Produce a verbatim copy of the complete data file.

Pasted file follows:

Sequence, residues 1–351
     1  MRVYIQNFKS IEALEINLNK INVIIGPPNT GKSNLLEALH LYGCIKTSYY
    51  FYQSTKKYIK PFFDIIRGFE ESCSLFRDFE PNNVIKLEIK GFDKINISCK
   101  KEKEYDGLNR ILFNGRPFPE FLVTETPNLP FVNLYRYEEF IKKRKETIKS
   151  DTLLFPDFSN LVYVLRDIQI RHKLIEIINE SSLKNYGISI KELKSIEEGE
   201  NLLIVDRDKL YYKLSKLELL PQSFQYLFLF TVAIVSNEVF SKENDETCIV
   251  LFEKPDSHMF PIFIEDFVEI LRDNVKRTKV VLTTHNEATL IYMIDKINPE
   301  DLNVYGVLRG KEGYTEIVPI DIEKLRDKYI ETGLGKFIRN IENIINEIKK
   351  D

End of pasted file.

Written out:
Sequence, residues 1–351
     1  MRVYIQNFKS IEALEINLNK INVIIGPPNT GKSNLLEALH LYGCIKTSYY
    51  FYQSTKKYIK PFFDIIRGFE ESCSLFRDFE PNNVIKLEIK GFDKINISCK
   101  KEKEYDGLNR ILFNGRPFPE FLVTETPNLP FVNLYRYEEF IKKRKETIKS
   151  DTLLFPDFSN LVYVLRDIQI RHKLIEIINE SSLKNYGISI KELKSIEEGE
   201  NLLIVDRDKL YYKLSKLELL PQSFQYLFLF TVAIVSNEVF SKENDETCIV
   251  LFEKPDSHMF PIFIEDFVEI LRDNVKRTKV VLTTHNEATL IYMIDKINPE
   301  DLNVYGVLRG KEGYTEIVPI DIEKLRDKYI ETGLGKFIRN IENIINEIKK
   351  D